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Teenage diabetes rate doubles

September 4, 2012 in News

In 1999, the Centers for Disease Control and Prevention (CDC) reported that about 9 percent of teens had diabetes or prediabetes.

Just ten years later, according to a study recently published in the journal Pediatrics, that rate is now 23 percent – almost a quarter of American teenagers.

These results were part of a larger analysis looking at risk factors for cardiovascular disease among Americans between the ages of 12 and 19 years. Researchers also looked at rates of obesity, high blood pressure, and high cholesterol, but found that the rates of these risk factors remained relatively stable.

While the rate of obesity in adolescents remained about the same, the overall percentage of American teenagers with obesity is 34 percent.

Researchers found that 60 percent of the obese teens in the study had at least one cardiovascular disease (CVD) risk factor; about 50 percent of the overweight teens and 35 percent of those in the normal weight range also had at least one risk factor. This has serious implications for public health over the long term, especially given that CVD risk factors developed in childhood may remain present into adulthood.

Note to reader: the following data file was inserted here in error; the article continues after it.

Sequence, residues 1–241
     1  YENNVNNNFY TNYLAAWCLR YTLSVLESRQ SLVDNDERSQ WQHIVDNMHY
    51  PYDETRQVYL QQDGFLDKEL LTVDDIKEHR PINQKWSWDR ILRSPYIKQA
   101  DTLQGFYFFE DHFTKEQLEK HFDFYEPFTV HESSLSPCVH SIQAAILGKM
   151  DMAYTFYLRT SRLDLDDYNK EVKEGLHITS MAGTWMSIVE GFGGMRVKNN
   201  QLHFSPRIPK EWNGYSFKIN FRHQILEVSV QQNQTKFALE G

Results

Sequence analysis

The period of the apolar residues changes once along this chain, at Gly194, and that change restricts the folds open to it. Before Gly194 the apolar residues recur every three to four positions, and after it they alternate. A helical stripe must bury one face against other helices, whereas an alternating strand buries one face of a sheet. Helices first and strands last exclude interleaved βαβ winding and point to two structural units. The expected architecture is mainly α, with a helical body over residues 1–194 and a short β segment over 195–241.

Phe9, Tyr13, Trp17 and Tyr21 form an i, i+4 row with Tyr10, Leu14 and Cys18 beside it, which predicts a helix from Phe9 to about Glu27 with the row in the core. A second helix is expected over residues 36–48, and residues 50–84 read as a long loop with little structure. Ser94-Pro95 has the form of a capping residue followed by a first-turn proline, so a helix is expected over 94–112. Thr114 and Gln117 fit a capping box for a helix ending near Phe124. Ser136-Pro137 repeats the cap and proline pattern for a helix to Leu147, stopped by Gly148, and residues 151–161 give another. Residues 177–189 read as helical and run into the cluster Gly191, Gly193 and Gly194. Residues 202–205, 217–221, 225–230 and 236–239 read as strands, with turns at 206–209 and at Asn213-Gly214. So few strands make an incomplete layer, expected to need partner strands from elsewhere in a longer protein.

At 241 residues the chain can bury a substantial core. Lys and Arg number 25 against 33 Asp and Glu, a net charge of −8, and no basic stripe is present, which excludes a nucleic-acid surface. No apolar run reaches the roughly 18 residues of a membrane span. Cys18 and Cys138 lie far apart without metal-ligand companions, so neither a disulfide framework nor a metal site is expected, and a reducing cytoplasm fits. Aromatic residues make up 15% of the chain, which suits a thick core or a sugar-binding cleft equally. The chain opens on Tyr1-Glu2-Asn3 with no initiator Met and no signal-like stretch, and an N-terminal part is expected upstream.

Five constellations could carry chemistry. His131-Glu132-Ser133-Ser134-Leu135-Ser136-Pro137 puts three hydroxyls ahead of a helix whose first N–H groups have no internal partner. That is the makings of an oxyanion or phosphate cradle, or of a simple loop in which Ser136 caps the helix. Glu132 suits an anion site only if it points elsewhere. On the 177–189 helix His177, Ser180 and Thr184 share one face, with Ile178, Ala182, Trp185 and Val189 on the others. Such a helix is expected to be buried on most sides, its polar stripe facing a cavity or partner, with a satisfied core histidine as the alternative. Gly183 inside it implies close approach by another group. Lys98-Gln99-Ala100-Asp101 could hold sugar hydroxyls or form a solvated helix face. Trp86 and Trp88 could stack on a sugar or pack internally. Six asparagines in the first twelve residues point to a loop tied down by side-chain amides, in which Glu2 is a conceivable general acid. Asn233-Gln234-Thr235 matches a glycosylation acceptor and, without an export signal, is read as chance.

All of these findings add up to a very high rate of obesity-related problems in the 12 to 19 age group. Rates of CVD risk factors this high were previously seen only in adults aged 40 or older. This could mean many young adults facing diabetes complications and heart attacks over the next couple of decades.

One of the study’s authors, Ashleigh May of the CDC’s division of nutrition, physical activity, and obesity, explained that the results of their research reinforce the pressing need for outreach and education about weight management and diabetes prevention. She stated that there is a great need for pediatricians to be vigilant about following current screening recommendations for CVD risk factors and diabetes. The importance of screening is especially high in teens who are overweight or obese, but should not be overlooked for other teens; as previously mentioned, 35% of teens in the normal weight range in the CDC study showed at least one CVD risk factor.

While these results are startling, Vivian Fonseca, president of medicine and science with the ADA, commented that with proper intervention, the progression of both diabetes and prediabetes can be slowed or halted. Numerous studies have supported the finding that even moderate changes to diet and physical activity can reduce a person’s risk of developing diabetes by nearly 60%. With improved efforts to screen teens for CVD and diabetes risk, combined with education on reducing these factors, there is a great potential to lessen the impact of the current trend.

The original news posting for this article can be found at Huffington Post’s website. The Pediatrics article, published in May 2012, can also be accessed online.


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